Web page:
Students walk past unused lockers at Cardozo high school in Washington. (Bill O'Leary/The Washington Post)

In Arlington County, the school board lamented the persistence of gender inequality and harassment in the #MeToo era.

In Prince George’s County, the board issued an order encouraging schools to spend a week recognizing the Black Lives Matter movement.

And in Minneapolis and Denver, school boards promulgated rousing memos of support for immigrant students and their families.

Long known as unflashy arbiters of budgets and boundaries, some city and suburban school boards are shedding their stodgy reputation and staking out ardent positions on political and social issues. Skeptics question the utility or appropriateness of those declarations, but some boards view decrying gender and racial inequity as part of their professional duty.

“History is written by the victors, and a lot of times, the individual struggles of folks . . . are not really addressed in the classroom,” said Raaheela Ahmed, a school board member in Prince George’s County. “There’s a responsibility there to make sure our students are successful, and that requires, sometimes, things outside of the traditional.”

Ahmed led the board’s campaign this year to issue a resolution encouraging Prince George’s schools to reflect on “critical issues of social justice” as part of the Black Lives Matter Week of Action in Schools.

It was intended, she said, to underscore challenges faced by people of color in the 132,000-
student school system, and to spur conversation rather than have students silently endure difficulties.

“I hope they take away a knowledge that people care,” Ahmed said.

The board last year passed resolutions affirming support for immigrant, Muslim and transgender students. Ahmed said that she is unaware of similar actions taken by previous boards but that she feels the edicts have become necessary in the Trump era.

Mike Ford, an assistant professor of public administration at the University of Wisconsin at Oshkosh, said such proclamations are “still the exception and not the rule.” But, he said, they are becoming more common in the country’s urban and suburban schools. That is a notable development, he said, because school boards generally shy away from taking positions on potentially contentious issues.

“There’s kind of a natural hesitancy for them to come out and take a stand,” Ford said.

Thomas Alsbury, a professor at Northwest University in Washington state, said that of the nation’s roughly 13,500 school districts, about 250 are larger, urban school systems where officials have increasingly issued declarations on social issues. And they tend to be in more liberal corners of the nation.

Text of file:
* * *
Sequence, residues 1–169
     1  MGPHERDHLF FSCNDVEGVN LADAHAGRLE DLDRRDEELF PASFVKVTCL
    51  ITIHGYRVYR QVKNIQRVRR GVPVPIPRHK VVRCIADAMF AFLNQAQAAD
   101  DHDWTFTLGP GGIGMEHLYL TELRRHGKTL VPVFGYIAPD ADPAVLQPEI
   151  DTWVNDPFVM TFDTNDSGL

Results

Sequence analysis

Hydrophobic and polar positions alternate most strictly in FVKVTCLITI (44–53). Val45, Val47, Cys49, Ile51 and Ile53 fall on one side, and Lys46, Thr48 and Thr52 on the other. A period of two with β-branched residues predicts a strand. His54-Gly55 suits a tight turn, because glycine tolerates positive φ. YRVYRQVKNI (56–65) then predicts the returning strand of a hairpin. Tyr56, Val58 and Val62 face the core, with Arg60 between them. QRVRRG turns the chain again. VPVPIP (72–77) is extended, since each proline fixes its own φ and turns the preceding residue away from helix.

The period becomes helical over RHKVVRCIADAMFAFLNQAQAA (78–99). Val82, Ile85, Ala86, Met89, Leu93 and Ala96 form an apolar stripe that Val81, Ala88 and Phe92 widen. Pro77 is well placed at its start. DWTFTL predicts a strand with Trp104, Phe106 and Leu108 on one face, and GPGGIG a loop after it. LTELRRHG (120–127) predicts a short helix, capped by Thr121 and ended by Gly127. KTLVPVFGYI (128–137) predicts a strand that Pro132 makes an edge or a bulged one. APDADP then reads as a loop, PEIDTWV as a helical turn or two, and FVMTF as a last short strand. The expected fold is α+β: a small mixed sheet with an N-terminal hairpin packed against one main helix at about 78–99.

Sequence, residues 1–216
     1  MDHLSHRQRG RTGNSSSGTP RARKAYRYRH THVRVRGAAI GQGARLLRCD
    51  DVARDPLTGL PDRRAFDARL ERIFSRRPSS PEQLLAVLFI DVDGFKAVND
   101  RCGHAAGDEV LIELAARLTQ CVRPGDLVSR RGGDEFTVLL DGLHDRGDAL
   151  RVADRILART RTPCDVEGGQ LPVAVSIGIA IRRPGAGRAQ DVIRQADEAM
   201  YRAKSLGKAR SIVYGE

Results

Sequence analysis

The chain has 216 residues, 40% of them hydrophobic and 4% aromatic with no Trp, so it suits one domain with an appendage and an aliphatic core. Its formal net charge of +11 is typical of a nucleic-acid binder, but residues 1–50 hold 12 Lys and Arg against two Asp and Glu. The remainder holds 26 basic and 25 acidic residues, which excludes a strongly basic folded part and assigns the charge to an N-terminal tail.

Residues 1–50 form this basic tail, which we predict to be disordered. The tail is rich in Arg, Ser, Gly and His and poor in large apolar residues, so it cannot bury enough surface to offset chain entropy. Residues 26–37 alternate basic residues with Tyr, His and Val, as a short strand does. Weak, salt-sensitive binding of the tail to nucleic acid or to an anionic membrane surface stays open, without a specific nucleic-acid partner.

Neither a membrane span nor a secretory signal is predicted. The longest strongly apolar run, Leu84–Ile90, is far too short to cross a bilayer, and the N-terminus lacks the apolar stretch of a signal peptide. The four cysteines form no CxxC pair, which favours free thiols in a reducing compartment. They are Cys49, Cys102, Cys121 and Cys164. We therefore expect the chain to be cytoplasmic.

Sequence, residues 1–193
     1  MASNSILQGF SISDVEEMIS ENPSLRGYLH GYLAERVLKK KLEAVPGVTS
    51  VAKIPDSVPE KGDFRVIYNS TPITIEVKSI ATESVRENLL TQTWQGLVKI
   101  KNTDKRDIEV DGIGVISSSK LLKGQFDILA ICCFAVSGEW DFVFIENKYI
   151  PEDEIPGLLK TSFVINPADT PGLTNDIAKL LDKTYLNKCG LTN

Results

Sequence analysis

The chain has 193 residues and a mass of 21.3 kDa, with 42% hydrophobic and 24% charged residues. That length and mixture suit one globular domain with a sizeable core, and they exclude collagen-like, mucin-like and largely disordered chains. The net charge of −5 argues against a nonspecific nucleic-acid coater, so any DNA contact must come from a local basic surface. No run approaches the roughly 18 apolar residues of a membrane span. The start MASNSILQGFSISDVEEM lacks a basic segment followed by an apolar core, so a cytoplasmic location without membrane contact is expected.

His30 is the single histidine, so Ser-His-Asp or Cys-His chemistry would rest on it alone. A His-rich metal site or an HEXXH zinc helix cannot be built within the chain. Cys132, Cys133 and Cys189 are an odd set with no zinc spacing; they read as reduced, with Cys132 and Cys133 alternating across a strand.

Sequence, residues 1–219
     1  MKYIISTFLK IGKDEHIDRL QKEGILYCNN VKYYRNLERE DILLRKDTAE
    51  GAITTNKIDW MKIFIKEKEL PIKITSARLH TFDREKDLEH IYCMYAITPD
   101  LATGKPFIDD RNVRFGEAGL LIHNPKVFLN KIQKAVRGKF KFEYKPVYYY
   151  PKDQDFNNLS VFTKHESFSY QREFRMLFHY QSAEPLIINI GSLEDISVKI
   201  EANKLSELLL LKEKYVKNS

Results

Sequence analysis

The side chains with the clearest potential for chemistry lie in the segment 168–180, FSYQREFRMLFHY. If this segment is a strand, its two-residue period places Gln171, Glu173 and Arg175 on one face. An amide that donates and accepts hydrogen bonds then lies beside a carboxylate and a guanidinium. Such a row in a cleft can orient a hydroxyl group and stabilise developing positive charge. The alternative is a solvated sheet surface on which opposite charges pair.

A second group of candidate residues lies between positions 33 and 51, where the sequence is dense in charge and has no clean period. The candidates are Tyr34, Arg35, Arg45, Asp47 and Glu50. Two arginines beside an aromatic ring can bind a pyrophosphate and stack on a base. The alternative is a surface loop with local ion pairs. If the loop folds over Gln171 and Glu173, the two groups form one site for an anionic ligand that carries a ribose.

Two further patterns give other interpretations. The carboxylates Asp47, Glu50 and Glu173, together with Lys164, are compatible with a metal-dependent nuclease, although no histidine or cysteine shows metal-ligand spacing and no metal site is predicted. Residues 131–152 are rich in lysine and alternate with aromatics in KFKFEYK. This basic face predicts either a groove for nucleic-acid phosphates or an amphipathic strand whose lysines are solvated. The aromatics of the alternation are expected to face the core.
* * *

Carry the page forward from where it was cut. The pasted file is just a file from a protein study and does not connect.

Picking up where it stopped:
School boards, like the judiciary, were developed as nonpartisan bodies, said Alsbury, an expert on school board governance. So school districts, he said, should be cautious about issuing declarations on matters that may polarize the community or ignite bickering among school board members. That could detract from their primary purpose: ensuring that students are well educated.

“Boards need to be very careful in making these kinds of declarations, lest they link themselves to a particular party,” he said. “School board members represent, within a school district, many different opinions.”

But Sigal Ben-Porath, a professor of education at the University of Pennsylvania, said she views the declarations as an attempt to preserve positive learning environments — not as a matter of favoring liberal or conservative politics.

“These are statements that can easily be interpreted as political, but they are actually an effort, in my view, to carve out the school as a neutral space where students can be accepted as who they are,” Ben-Porath said.

The declarations are mostly symbolic, given that school districts don’t wield much power when it comes to setting immigration policy or other matters dictated by the federal government. But, she said, they represent an admirable attempt by school districts to set a welcoming tone for all students.

“It’s an effort to say, ‘We don’t make immigration policy. We don’t make our own sexual harassment policies, but we’re looking for a way to express our commitment to inclusion, equity,’ ” she said.